You look around campus and you can witness in the students what ethnic and cultural diversity looks like. Amongst the many home students are many international students from all over the world, some from countries you could hardly imagine visiting. Speaking with them you hear stories about exotic cultures, languages, lifestyles, and more. But wait, would you possibly consider being one yourself? What I can share is my story of constant travelling and studying abroad in different parts of the world, and the many things I gained from the experience. Becoming more intellectual was one such benefit. Another was comprehending the meaning of ‘diversity’ beyond its textbook definition. I have learned how blissful it is to live among people with different backgrounds and ideologies, from which you consequentially grow into a more mature person, gaining unique perspectives whilst learning heartily what it means to coexist.
I am from Seoul, South Korea. In Korea, more than half of the population speak the same language, and share the same history and ethnic background. Because I lived in such a homogeneous nation what truly altered of my life was learning English from a young age. Adopting a foreign language opened a whole new world of history, politics, and society from the opposite side of the globe. Eventually I realised I had to be there.
The first step of living up to my dream was my student exchange experience in Las Vegas. In the middle of the Nevadan desert I studied at an American middle school, staying with your average American family for five months.. I was no longer a regular South Korean kid who dreamt a regular life path in her home country, but someone who would always aspire to take chances in foreign worlds. I was twelve, and more was to come.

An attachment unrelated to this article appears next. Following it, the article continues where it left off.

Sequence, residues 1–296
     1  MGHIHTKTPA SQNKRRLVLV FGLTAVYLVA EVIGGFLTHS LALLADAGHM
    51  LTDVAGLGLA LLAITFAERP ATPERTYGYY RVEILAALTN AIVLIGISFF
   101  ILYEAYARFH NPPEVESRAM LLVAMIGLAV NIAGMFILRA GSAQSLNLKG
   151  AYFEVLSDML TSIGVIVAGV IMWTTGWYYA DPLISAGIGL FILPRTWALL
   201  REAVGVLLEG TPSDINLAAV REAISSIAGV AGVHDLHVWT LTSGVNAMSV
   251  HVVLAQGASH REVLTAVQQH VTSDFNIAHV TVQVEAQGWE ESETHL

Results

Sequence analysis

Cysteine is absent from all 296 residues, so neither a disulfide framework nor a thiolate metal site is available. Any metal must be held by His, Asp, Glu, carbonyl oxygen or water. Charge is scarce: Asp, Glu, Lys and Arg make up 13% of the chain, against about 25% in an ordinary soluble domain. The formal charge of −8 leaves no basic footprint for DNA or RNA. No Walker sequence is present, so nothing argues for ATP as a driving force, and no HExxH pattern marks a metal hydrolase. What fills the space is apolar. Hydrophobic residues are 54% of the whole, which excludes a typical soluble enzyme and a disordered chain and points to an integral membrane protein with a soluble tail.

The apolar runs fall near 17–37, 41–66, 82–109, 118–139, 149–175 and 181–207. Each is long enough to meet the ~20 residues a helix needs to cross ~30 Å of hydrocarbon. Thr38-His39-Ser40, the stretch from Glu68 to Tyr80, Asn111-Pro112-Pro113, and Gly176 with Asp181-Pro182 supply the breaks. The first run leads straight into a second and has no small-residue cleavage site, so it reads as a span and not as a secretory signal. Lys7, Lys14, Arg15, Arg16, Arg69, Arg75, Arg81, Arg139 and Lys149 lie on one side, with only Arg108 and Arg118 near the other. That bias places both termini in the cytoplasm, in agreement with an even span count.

After returning back home and travelling now and then, I decided to pursue higher education abroad, this time in England. After two years of my A-Level studies in Brighton, I am now a student at University of Kent studying Social Policy. Unlike my previous experience in the US, it is high-level university education that is the challenge. Everything from learning materials and teaching methods to the style of examination was different. Adapting to such changes was definitely demanding. But as I went through my course, it is not only the depth of my knowledge which has grown, but I realise that I have become someone who can combine my knowledge of one world to another. And once again, there was nothing more meaningful than encountering greater diversity on a university campus; meeting fellow students and professors from quite literally all over the world. As I try to condense my life’s chronology of roaming the globe, there is one thing I can say without hesitation; if you are planning of studying or living abroad at some point, it is two-hundred percent worth giving a shot.